Service with a Smile: How Inclusive Workplaces Benefit Everyone

While people line up to order their coconut milk, ginger and turmeric smoothies and kale, quinoa and sweet potato salads, a young woman works quickly and quietly in the storeroom packing vitamin supplements for mail order clients.

It’s a healthy place to be this Wednesday lunch hour at Nature’s Fare Markets in Vernon, in an environment where Solana White thrives as a welcomed and vital employee.

Whether she’s on the floor stocking shelves brimming with organic produce, sweeping up, or greeting customers at the Apple Bistro, White has a way of brightening a mid-week workday, says her boss, Nature’s Fare store manager Tara Berger.

“She’s such a bright light. I get comments all the time from my staff and customers on how they love her being here,” says Berger.

“Solana wants to be treated like everyone else.”

Employed the past six months at Nature’s Fare, the 21-year-old Enderby resident is also a familiar face at Askews Foods in Armstrong, where she works part-time.

White earned both jobs through one-to-one employment support from the WorkBC Employment Services Centre and its partner agency Kindale Developmental Association.

“Solana came to us looking for work and together we figured out what she wanted to do and that was to work at a grocery store,” says Amie Alward, who works with clients who have diverse abilities as a Customized Employment Specialist at Kindale and Work BC.

“The tipping point was when Solana solidified what she wanted to do and gave the impetus in what she really wanted… Solana wants to be treated like everyone else.”

Playing to Her Strengths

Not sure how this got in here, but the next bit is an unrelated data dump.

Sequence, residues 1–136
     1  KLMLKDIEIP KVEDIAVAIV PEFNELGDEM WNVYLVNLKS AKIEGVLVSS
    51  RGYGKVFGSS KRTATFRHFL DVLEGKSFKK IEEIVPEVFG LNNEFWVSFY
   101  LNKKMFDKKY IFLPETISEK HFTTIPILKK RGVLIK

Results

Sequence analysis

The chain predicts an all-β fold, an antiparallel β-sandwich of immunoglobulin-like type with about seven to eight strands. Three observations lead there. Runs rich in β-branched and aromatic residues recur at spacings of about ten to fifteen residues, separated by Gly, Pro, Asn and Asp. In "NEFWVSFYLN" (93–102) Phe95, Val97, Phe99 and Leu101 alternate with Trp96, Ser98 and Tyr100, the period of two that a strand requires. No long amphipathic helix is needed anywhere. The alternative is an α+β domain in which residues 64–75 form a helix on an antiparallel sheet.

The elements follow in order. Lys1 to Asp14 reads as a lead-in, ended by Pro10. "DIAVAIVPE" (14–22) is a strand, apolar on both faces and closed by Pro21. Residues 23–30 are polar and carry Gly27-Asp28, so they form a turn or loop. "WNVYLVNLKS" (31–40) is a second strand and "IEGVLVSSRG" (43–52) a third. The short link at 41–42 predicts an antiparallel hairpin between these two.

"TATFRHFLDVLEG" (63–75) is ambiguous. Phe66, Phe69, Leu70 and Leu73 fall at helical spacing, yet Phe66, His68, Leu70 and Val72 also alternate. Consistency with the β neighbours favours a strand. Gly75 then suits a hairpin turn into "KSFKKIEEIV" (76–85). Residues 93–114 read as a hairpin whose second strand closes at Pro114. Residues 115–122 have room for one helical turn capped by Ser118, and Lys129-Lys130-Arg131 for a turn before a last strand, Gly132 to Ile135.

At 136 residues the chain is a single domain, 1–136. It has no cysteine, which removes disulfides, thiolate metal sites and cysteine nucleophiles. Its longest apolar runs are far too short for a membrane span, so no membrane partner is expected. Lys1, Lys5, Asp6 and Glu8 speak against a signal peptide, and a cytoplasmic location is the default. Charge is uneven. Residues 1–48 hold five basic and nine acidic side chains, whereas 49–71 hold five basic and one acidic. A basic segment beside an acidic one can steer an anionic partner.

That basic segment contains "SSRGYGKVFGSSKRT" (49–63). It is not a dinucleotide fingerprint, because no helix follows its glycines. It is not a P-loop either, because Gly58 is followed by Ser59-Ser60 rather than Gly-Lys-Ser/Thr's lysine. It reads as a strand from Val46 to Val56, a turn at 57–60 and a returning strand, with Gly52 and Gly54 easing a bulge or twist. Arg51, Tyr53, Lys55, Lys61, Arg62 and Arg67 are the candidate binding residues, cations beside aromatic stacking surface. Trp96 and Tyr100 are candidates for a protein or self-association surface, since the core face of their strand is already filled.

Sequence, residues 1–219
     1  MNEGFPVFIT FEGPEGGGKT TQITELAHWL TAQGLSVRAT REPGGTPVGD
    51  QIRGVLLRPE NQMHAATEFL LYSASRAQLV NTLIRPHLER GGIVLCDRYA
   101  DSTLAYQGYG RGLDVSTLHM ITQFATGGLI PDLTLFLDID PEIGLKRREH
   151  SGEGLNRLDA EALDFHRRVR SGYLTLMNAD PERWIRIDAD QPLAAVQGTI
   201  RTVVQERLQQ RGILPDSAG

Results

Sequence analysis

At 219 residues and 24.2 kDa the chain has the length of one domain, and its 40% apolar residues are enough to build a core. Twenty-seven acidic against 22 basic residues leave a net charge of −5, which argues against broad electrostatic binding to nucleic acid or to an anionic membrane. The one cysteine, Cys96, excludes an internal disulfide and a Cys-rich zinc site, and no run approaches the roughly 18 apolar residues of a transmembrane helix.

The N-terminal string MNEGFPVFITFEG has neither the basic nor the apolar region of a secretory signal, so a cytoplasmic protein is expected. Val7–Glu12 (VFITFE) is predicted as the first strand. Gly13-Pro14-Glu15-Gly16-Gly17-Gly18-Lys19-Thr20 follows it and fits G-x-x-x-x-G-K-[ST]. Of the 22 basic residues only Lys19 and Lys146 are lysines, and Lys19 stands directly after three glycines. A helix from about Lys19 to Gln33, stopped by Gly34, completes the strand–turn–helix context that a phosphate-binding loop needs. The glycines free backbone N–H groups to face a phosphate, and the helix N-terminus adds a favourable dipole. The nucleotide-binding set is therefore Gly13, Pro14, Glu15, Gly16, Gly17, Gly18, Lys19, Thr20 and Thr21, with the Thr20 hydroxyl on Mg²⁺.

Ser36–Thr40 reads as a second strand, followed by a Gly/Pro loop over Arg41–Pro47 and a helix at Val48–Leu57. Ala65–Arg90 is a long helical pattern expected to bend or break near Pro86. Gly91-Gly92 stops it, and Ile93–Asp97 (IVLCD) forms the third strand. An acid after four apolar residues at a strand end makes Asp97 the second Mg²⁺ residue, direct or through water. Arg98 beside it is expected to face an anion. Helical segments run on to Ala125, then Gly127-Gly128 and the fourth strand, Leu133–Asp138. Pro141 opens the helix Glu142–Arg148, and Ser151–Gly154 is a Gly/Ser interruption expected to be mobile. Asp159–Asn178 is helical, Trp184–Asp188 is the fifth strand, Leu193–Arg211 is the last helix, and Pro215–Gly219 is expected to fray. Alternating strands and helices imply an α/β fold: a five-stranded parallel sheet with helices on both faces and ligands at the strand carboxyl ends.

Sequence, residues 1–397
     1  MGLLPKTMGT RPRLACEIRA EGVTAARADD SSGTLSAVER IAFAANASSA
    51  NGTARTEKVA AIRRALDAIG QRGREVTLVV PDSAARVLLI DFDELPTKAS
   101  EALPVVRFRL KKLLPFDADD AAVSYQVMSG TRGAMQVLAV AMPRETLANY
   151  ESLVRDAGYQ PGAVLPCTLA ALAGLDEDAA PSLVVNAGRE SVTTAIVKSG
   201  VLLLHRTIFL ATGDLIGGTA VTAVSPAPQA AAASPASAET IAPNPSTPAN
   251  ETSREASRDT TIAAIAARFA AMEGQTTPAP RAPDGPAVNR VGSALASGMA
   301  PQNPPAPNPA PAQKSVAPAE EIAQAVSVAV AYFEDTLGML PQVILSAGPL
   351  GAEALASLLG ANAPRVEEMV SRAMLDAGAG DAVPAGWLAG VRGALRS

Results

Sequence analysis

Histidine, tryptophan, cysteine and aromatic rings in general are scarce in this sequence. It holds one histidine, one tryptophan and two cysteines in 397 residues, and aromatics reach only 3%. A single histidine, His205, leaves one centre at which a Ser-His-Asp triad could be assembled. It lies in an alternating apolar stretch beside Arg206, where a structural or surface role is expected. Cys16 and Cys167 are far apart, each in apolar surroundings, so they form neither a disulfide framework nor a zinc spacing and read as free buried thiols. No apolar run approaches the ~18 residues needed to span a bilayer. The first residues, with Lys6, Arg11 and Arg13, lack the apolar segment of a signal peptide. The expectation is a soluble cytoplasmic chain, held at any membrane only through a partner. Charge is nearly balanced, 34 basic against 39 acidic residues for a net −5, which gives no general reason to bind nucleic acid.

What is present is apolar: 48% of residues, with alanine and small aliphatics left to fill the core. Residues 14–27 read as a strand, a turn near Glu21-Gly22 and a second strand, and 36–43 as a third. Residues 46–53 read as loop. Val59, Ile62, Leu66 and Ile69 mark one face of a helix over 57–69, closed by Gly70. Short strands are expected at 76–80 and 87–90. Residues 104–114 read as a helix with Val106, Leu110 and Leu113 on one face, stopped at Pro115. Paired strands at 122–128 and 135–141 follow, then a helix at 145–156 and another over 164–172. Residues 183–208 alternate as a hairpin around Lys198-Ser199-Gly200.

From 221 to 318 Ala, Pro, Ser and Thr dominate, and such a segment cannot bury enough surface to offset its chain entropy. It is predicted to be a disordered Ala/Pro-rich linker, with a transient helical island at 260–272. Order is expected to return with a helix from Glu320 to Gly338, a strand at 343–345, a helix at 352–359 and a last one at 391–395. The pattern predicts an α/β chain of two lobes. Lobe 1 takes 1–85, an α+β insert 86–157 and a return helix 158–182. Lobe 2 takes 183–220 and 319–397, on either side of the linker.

Before she found paid work, White had a volunteer background but did not have a lot of customer service experience. She started building up her skills by taking workshops and working one-on-one with fellow Kindale-Work BC Customized Employment Specialist Celena Sandaker.

“Solana is quite quiet so we started working on her verbal skills. We came up with some incentives such as a reward system, where she earned stickers when she introduced herself to someone new or started up a conversation,” says Sandaker. 

Alward also found White an unpaid work experience placement in Armstrong, where she greeted customers at the door and also worked on the till.

Work BC helps in providing job coaching, training, and general support while clients are learning on the job, so the burden is not all on the employers, says Sandaker.

“We also work on areas specific to their place of work such as confidence-building and specific skills. In Solana’s case it was matching the UPC barcodes with products on the shelf,” adds Alward.

Employers Making a Difference

While White has adapted well to her new jobs, it has helped that her employers have gone above and beyond in helping her succeed in a multitude of tasks.

“An inclusive workplace is not just about creating a space, it’s also about having a mindset and saying ‘how do we get you there’ and going that extra mile. These employers are looking at Solana as a long-term hire and not just saying ‘try this’ and seeing how it works. They’re here for the long haul and want to see her succeed,” says Sandaker.

For White, working at Nature’s Fare and Askews has been a great experience. She enjoys working in a bustling environment with her fellow employees and says she has a particular fondness for those popular smoothies at Nature’s Fare.

White is also looking forward to getting more experience on the cash register and says her mom is very proud of her accomplishments.

“It’s cool,” she says, flashing that giant smile and giving the thumbs up.

Through partner agencies such as Kindale Developmental Association, Community Futures North Okanagan and WorkBC provide employment services for individuals with varying abilities. Contact us to learn more.

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